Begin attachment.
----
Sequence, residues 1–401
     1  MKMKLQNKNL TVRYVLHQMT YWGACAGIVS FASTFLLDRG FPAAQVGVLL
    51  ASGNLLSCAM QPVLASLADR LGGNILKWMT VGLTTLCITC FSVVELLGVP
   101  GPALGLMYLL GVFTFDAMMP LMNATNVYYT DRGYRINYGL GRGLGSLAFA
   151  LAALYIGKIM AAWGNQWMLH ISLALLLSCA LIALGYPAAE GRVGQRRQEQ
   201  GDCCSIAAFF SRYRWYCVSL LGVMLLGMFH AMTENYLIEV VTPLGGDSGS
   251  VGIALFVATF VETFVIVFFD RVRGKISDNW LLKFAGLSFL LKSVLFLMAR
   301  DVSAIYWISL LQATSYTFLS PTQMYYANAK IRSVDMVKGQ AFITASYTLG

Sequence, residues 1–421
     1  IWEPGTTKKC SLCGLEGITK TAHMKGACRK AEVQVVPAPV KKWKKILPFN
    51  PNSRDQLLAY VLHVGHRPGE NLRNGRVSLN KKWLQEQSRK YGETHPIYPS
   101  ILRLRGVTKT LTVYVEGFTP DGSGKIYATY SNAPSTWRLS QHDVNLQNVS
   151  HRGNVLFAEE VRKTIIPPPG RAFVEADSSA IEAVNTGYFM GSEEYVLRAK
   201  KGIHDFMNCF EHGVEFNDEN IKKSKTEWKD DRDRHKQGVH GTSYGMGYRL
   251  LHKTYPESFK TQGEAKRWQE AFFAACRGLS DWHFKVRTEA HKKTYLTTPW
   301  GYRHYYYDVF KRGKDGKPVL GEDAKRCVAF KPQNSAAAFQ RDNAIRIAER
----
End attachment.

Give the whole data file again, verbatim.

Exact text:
Sequence, residues 1–401
     1  MKMKLQNKNL TVRYVLHQMT YWGACAGIVS FASTFLLDRG FPAAQVGVLL
    51  ASGNLLSCAM QPVLASLADR LGGNILKWMT VGLTTLCITC FSVVELLGVP
   101  GPALGLMYLL GVFTFDAMMP LMNATNVYYT DRGYRINYGL GRGLGSLAFA
   151  LAALYIGKIM AAWGNQWMLH ISLALLLSCA LIALGYPAAE GRVGQRRQEQ
   201  GDCCSIAAFF SRYRWYCVSL LGVMLLGMFH AMTENYLIEV VTPLGGDSGS
   251  VGIALFVATF VETFVIVFFD RVRGKISDNW LLKFAGLSFL LKSVLFLMAR
   301  DVSAIYWISL LQATSYTFLS PTQMYYANAK IRSVDMVKGQ AFITASYTLG

Sequence, residues 1–421
     1  IWEPGTTKKC SLCGLEGITK TAHMKGACRK AEVQVVPAPV KKWKKILPFN
    51  PNSRDQLLAY VLHVGHRPGE NLRNGRVSLN KKWLQEQSRK YGETHPIYPS
   101  ILRLRGVTKT LTVYVEGFTP DGSGKIYATY SNAPSTWRLS QHDVNLQNVS
   151  HRGNVLFAEE VRKTIIPPPG RAFVEADSSA IEAVNTGYFM GSEEYVLRAK
   201  KGIHDFMNCF EHGVEFNDEN IKKSKTEWKD DRDRHKQGVH GTSYGMGYRL
   251  LHKTYPESFK TQGEAKRWQE AFFAACRGLS DWHFKVRTEA HKKTYLTTPW
   301  GYRHYYYDVF KRGKDGKPVL GEDAKRCVAF KPQNSAAAFQ RDNAIRIAER